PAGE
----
[Previous Months][Date Index][Thread Index][Join - Register][Login]
[Message Prev][Message Next][Thread Prev][Thread Next]
[IP] hey lookie here
- Subject: [IP] hey lookie here
- From: email @ redacted
- Date: Fri, 14 May 1999 00:16:32 EDT
Hi kids...this is sara checking in from vacation...dont know if y'all saw
this today but thought it would be of interest!!!
PS - I met Jessica and Anita in Houston - COOL!!!!! and gonna meet Sandra in
Lake Charles...I love IP
Gene Found That May Cause Diabetes
.c The Associated Press
By PAUL RECER
WASHINGTON (AP) -- Researchers have taken a critical step toward a vaccine to
prevent childhood diabetes by isolating in mice a gene that causes the body
to attack and kill tissue that produces insulin.
(CHILDHOOD???why not call it TYPE I??? that IS the correct term for it, is
Using a strain of rodent, called the nonobese diabetic mouse, that always
gets diabetes, a team led by Dr. Ji-Won Yoon showed that the presence of the
gene GAD is what causes the body's immune system to kill the
insulin-producing cells. Yoon, of the University of Calgary in Alberta,
Canada, is lead author of a study appearing Friday in the journal Science.
``We found that if we suppress GAD expression in the pancreatic cells, then
we can prevent diabetes,'' said Yoon. ``It is that simple.''
(YAH RIGHT...THEN WHY DON'T THEY JUST DO IT!!!!!)]
In the mouse, when the GAD gene is active, it expresses, or causes the cell
to make, a protein called glutamic acid decarboxylase. When this GAD protein
is circulating in the body, the immune system detects it and attacks as if it
were a foreign substance. Killer T-cells from the immune system also attack
the beta cells that have the GAD gene. This attack kills the beta cells,
which means the body no longer has the insulin needed to process glucose, or
sugar, in the blood. The result is Type I diabetes. (THANK YOU...)
Dr. Robert Goldstein, medical director of the Juvenile Diabetes Foundation,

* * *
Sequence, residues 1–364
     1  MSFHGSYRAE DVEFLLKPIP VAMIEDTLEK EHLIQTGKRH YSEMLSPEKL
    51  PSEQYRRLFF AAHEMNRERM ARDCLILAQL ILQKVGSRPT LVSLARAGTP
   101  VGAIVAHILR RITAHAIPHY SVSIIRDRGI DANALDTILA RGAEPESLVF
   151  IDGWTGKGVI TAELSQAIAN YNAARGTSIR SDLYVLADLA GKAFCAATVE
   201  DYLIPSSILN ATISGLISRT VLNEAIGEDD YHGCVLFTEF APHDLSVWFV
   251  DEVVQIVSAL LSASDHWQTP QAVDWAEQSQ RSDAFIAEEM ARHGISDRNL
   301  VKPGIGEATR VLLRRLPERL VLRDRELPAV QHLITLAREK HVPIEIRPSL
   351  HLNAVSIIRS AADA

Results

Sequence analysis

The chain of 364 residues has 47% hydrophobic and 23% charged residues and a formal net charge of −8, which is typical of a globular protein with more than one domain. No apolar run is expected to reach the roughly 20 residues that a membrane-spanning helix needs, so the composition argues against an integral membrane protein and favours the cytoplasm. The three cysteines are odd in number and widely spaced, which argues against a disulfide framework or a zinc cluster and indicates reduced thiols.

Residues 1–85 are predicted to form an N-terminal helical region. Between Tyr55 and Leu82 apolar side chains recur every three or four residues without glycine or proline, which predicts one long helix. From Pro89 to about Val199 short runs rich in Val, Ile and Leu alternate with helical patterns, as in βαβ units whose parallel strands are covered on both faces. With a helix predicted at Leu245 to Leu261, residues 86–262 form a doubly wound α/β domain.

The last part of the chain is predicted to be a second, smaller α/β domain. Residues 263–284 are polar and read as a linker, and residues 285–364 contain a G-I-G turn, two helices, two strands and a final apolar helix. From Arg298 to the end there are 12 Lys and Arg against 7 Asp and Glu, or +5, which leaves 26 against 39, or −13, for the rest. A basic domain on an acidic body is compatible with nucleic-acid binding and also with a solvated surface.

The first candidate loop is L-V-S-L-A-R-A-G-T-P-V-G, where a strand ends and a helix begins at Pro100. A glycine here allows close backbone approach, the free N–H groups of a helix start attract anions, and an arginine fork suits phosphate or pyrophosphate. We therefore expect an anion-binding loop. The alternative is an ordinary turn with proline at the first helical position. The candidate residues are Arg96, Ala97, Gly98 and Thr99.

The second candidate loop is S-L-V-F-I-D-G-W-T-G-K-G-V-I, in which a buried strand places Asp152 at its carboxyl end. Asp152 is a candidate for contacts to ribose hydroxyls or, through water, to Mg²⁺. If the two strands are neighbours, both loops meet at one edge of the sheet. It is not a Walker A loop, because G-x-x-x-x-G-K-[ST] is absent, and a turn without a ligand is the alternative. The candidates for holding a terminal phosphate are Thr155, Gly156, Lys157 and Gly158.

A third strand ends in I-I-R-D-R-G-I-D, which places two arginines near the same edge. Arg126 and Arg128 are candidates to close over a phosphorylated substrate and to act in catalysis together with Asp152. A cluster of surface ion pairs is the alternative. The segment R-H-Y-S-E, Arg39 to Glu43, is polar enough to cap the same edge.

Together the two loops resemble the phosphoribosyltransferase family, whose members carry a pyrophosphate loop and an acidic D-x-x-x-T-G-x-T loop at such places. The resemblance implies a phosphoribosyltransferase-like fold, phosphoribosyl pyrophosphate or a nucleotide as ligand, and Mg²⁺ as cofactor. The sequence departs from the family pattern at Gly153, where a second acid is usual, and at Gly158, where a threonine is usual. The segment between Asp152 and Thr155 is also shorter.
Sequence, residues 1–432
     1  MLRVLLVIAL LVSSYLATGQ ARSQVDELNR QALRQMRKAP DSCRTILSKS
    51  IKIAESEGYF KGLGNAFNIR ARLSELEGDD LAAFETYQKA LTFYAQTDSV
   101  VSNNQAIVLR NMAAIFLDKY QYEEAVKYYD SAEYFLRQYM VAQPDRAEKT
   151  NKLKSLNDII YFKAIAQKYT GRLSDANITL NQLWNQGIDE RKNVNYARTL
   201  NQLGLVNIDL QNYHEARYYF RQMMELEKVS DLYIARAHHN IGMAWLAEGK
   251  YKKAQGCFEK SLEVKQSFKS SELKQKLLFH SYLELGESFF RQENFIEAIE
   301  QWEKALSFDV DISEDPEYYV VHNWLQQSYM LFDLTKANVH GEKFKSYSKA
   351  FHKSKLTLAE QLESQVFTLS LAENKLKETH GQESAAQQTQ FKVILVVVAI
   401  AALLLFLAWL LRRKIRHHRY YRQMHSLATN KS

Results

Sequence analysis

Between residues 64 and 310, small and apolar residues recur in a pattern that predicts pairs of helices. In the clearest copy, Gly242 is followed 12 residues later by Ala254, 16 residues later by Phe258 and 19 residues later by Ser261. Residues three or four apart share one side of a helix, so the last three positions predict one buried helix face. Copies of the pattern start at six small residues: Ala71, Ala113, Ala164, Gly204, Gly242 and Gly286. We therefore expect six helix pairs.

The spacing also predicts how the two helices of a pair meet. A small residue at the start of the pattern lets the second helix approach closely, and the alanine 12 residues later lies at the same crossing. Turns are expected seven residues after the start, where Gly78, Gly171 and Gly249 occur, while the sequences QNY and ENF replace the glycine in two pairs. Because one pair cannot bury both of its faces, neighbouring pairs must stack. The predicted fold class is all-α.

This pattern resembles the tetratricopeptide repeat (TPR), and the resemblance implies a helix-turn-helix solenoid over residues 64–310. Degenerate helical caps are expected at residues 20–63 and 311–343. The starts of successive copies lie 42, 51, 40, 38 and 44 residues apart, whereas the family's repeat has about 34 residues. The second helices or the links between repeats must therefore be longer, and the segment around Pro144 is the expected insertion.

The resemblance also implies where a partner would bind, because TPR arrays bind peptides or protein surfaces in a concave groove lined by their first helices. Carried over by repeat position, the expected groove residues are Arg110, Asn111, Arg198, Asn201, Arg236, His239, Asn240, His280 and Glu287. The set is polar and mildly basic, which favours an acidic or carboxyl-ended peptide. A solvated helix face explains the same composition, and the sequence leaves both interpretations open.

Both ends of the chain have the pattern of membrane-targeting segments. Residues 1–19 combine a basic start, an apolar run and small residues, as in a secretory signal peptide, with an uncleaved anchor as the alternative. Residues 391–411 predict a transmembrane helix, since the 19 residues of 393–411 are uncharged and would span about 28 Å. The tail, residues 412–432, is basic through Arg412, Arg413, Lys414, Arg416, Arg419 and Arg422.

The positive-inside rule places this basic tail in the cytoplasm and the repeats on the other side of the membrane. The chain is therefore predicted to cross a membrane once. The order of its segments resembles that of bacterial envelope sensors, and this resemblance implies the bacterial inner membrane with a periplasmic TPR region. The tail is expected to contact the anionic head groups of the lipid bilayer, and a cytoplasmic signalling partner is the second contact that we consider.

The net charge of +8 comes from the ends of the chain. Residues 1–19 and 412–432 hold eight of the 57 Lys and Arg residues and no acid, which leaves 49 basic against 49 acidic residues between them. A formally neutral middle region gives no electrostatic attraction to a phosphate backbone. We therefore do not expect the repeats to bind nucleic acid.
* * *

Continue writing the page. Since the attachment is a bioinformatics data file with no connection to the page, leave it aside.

said Yoon's discovery ``is very important step'' toward, perhaps, someday
developing a diabetes vaccine.
``This approach has the promise of modulating the autoimmune response and
going toward prevention,'' said Goldstein. He cautioned, however, that the
finding is ``only one brick in the house'' and that scientists will need to
answer many basic questions before a vaccine can be developed.
Type I diabetes frequently is diagnosed in childhood, forcing patients to
spend their lives taking up to four insulin shots a day and to monitor
carefully their blood sugar levels. About 29,000 new cases of Type I
diabetes are diagnosed annually in the United States, mostly among children
and young adults. The Juvenile Diabetes Foundation estimates that about one
million Americans now are being treated for Type I diabetes.
Another form of the disease, called Type II diabetes, most commonly occurs in
people over 40. In this disease, the body may still make insulin, but cells
have lost their sensitivity to the hormone. Type II diabetes commonly is
treated successfully with pills, diet and life style changes.
(Well this is good - at least they are differentiating between the two -
never seen an article like this that calls out the two "species")
When not controlled, either type of diabetes can cause kidney failure,
blindness, limb amputation, heart disease and death. It is estimated that
diabetes claims the lives of about 190,000 Americans annually.
Yoon said his study suggests that it may be possible to prevent Type I
diabetes with a vaccine that would desensitize the immune system to the
presence of the GAD gene. He said such a vaccine would, in effect, educate
the immune system to not attack pancreatic cells that have the GAD gene.
``If you inject GAD then the T-cell will learn to tolerate GAD and will not
attack the beta cells (which make insulin),'' said Yoon. ``The concept is
that you inject GAD into young children then they would not get diabetes.
That is prevention.''
Yoon said that it will take 10 to 15 years to develop such a vaccine because
researchers would have to prove that manipulating the GAD gene would not
cause dangerous side effects. He said the gene has no known function in the
pancreas, but it is present in the brain..
Insulin Pumpers website http://www.insulin-pumpers.org/
for mail subscription assistance, contact: HELP@insulin-pumpers.org